Scary

How many people will have meaningful input in determining the overall allocation of the billion [sic, trillion] stimulus? 10? 20? It won’t be more than 1000. These people–let’s say that in the end 500 technocrats will play a meaningful role in writing the bill–will have unimaginable power. Remember that what they are doing is taking our money and deciding for us how to spend it. Presumably, that is because they are wiser at spending our money than we are at spending it ourselves.

Kling

And then this comment on that same post:

This argument by Kling is one of the most persuasive (and easily shared) that I’ve seen yet against the bailout. Most people don’t necessarily understand the complex relationship between demand and the economy, the effect of a “multiplier”, or any other bizarre macro effects. On the other hand, they CAN put themselves into the shoes of the techno-crat and see what an impossibility this would be. (Particularly for someone who doesn’t have a track record of success or accomplishment).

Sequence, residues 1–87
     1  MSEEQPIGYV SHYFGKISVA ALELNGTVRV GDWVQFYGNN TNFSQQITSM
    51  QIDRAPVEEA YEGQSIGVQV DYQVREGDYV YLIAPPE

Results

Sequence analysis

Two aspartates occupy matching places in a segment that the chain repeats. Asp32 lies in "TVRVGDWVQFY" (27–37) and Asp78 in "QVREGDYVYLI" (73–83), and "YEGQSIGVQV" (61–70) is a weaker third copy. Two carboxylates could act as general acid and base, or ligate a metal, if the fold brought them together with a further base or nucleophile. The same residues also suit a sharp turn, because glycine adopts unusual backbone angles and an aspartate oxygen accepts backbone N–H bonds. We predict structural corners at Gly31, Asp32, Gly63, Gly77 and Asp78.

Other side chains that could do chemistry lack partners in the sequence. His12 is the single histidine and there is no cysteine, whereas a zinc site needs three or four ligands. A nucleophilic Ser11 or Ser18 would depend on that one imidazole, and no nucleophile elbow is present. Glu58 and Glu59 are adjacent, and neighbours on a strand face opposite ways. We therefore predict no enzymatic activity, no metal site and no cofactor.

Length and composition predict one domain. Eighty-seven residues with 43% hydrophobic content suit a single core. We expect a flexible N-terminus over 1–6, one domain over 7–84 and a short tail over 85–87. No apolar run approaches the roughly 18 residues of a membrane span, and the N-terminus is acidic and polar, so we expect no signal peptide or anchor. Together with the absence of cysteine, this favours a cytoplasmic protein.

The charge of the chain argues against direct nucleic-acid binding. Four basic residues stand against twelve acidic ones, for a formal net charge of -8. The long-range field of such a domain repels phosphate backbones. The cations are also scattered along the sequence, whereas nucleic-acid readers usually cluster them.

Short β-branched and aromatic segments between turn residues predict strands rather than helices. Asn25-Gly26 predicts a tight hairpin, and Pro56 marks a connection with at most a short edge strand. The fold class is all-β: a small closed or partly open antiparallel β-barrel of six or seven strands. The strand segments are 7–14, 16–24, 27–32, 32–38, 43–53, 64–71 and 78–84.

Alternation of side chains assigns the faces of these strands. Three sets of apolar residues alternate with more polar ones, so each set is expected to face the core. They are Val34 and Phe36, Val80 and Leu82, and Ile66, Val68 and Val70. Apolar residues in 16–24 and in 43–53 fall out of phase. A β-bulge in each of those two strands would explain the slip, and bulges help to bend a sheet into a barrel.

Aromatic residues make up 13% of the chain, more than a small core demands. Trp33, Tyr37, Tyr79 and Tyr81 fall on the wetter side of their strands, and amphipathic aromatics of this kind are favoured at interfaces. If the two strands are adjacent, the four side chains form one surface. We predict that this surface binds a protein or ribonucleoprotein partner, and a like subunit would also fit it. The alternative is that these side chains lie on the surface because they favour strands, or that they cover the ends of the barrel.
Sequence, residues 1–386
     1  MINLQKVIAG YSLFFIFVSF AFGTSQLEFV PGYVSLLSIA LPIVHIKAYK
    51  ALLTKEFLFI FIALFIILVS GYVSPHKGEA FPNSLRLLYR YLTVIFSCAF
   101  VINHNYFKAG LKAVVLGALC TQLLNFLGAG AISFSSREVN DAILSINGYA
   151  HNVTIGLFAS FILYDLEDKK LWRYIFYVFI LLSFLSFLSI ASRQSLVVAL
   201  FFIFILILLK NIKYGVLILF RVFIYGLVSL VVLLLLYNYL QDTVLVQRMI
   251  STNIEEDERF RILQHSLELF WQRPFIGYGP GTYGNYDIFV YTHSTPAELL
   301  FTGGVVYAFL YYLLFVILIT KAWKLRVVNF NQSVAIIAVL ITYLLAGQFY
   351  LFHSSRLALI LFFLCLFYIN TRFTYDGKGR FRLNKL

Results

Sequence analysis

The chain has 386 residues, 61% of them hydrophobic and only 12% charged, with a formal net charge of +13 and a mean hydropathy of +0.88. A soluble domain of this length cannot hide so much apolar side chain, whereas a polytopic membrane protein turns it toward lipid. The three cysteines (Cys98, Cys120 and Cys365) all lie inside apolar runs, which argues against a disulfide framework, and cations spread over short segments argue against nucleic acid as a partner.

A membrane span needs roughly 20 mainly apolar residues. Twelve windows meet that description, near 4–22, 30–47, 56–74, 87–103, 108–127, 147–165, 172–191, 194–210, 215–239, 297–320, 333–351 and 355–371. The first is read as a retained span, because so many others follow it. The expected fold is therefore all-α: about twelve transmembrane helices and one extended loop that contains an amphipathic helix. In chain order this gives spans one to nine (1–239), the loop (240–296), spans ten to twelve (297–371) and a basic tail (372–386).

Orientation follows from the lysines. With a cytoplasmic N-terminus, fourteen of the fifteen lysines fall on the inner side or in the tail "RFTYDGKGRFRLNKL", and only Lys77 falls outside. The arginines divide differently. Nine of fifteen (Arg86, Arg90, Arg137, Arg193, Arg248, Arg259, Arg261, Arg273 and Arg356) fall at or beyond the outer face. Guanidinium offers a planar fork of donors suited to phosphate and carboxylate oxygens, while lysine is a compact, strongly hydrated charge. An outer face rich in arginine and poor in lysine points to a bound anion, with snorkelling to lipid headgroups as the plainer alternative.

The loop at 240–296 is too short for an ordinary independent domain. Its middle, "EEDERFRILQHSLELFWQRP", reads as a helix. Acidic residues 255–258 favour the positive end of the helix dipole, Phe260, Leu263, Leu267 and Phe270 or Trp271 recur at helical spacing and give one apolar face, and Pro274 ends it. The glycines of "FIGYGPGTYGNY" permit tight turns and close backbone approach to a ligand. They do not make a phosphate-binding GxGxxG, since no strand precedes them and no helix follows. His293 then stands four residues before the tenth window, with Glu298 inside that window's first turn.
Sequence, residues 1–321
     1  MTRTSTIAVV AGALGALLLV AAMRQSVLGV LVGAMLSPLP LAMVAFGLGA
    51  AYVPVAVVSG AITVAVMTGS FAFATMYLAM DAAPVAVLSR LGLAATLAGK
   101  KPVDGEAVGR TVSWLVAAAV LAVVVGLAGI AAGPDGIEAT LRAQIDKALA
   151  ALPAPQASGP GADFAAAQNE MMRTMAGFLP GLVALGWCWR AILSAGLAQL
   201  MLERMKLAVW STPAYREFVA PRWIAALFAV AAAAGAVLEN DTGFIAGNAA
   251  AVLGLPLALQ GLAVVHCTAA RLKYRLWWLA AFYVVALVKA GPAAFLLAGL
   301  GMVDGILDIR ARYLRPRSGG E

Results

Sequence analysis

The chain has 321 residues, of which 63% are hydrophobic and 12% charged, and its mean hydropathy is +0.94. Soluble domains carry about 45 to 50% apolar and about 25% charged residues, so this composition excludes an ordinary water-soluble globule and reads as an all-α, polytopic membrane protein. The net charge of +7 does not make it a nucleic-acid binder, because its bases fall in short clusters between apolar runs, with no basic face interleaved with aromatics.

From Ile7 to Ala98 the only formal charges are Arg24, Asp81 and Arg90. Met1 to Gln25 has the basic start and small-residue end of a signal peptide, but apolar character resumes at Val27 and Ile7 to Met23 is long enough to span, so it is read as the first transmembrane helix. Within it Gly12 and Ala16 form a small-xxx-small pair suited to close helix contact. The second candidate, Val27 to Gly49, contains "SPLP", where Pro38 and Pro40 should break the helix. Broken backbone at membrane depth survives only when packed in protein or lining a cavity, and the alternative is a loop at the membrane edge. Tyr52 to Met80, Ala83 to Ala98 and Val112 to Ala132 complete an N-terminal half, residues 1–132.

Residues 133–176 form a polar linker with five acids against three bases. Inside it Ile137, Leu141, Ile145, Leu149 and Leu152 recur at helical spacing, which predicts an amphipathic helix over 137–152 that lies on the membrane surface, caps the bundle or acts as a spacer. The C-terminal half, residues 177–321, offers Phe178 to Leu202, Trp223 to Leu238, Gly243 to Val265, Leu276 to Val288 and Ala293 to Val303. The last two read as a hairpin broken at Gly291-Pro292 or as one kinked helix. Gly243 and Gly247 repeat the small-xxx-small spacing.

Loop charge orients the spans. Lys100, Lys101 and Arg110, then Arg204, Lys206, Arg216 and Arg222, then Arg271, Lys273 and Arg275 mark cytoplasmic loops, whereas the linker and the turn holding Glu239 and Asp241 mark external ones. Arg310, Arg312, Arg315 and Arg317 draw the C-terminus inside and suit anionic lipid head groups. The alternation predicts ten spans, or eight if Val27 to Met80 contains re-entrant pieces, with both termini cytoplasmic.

Its possible, though, that people putting themselves in the technocrat’s shoes will conclude the technocrat would actually be more able then them to allocate these resources. But that’s not the argument. The point is nobody is able to allocate such a large amount of resources in such a small amount of time.

I wonder what the turnover rate in large private equity funds is… I’d guess it takes 10 years for a billion dollar fund to completely divest itself and reinvest those funds.

2 thoughts on “Scary”

  1. Yet people seem to want to try it with the national budget all the time anyway. “Cut the pork,” “Pull out of Iraq,” and “Deport the Mexicans” are all popular magic cure-all solutions to deficit woes.

  2. Really though, what’s the point when stuff like this happens? For all we know, they could have launched an orbiting death ray with the funds. This “laser” could be leveraged to demand even greater stimulus payments.

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